• School districts – School districts may stand to benefit the most from the availability of quality early childhood education for its future students. Science has confirmed that age 0-3 are the most critical years for brain development. Children who have had a quality early childhood education enter pre-school or kindergarten ready to learn and require fewer resources such as special or remedial courses once they enter elementary school. School districts also directly benefit from a community that offers a large number of childcare slots because these children are the pipeline that feeds enrollment in that district. Often, the availability of teachers is also directly dependent on the availability of local childcare.
  • Community leaders – Representatives from a variety of community leadership organizations should recognize the value of having quality early childhood education available for both economic and human reasons. Representation from health care, chamber of commerce, city/county government, churches, community foundations and other funders, and civic organizations should all be onboard to discuss solutions to this issue.  Communities simply cannot grow if there are insufficient childcare slots for new and existing families.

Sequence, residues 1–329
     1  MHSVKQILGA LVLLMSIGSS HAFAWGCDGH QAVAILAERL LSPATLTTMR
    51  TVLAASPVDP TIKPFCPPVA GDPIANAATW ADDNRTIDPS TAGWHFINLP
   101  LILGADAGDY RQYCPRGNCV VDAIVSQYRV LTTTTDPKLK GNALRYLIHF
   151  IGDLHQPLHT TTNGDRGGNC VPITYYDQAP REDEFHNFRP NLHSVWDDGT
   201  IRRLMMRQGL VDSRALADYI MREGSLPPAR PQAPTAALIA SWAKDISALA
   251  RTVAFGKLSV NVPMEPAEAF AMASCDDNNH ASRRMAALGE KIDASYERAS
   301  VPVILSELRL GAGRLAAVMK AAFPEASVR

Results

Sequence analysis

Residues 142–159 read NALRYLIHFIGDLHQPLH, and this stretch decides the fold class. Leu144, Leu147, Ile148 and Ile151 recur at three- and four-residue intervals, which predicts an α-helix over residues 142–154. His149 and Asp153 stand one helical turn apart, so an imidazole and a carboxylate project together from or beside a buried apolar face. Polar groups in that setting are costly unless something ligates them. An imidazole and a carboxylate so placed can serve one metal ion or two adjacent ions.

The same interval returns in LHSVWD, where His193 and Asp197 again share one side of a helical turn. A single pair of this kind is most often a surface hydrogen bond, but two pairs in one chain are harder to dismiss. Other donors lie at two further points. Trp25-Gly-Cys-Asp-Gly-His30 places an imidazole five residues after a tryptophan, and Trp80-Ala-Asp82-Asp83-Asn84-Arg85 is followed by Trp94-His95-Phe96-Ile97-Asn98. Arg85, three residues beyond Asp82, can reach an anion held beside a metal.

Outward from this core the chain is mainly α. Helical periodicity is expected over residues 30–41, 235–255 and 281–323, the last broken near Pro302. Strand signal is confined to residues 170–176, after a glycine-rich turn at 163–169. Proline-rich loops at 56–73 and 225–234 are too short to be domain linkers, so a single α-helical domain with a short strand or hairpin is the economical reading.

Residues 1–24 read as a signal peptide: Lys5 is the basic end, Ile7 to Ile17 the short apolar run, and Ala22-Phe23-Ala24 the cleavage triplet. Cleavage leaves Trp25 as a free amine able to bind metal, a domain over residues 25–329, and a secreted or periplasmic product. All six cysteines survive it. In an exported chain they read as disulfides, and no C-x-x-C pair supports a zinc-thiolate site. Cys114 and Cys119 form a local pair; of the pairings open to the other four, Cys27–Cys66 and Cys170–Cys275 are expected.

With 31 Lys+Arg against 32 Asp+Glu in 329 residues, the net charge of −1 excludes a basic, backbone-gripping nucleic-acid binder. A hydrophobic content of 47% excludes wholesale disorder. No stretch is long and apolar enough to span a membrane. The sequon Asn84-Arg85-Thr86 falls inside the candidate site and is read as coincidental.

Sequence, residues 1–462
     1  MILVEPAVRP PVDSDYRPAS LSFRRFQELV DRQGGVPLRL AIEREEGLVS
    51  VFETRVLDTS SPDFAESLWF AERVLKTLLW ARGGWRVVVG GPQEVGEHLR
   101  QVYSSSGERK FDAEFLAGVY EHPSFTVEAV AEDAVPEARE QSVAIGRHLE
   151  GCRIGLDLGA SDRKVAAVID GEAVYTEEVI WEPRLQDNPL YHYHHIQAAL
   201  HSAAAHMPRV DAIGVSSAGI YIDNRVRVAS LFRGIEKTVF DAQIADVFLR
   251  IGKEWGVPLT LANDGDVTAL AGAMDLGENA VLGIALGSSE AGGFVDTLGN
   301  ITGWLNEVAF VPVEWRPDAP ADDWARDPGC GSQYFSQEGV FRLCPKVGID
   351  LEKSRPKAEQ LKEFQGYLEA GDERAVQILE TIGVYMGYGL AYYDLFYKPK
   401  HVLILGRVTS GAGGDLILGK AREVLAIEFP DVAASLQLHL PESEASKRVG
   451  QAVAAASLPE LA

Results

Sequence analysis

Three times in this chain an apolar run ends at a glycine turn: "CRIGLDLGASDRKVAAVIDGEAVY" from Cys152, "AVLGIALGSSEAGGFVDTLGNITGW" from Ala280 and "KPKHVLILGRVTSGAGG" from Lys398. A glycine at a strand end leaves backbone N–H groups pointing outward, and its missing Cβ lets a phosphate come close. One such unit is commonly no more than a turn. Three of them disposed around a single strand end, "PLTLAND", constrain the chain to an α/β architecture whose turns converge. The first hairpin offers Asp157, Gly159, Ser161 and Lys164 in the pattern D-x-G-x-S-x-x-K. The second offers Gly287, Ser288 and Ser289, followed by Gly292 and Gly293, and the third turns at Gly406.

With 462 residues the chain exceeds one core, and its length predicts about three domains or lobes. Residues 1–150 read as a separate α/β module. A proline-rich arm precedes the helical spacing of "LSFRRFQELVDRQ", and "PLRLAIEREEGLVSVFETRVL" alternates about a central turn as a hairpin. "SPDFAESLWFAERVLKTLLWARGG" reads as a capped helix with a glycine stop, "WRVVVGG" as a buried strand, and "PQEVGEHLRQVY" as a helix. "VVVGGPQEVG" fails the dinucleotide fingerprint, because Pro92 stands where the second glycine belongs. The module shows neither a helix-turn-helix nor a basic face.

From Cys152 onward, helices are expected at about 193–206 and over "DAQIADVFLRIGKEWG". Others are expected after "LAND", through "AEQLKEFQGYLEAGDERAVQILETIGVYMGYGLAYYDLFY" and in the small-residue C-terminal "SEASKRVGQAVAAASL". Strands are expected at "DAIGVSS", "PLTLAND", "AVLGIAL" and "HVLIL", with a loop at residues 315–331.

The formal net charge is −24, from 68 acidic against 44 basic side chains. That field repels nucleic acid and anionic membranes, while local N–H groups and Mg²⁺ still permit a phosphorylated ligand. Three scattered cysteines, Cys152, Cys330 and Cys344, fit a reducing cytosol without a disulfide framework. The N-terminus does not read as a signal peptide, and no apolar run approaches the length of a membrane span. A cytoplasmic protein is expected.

Children are the future and our most precious resource. The Foundation believes an important part of solving the early childhood education issues includes paying the teachers and staff that care for and teach these children a livable wage. As such, the Foundation recommends:

  • A major employer – school system, college or tech school, city or county government, hospital, or corporation be willing to put early childhood education workers on their payroll, so that they have access to better wages and benefits such as health insurance and retirement funds. Funding to offset this cost could come from a variety of sources including grants and donations.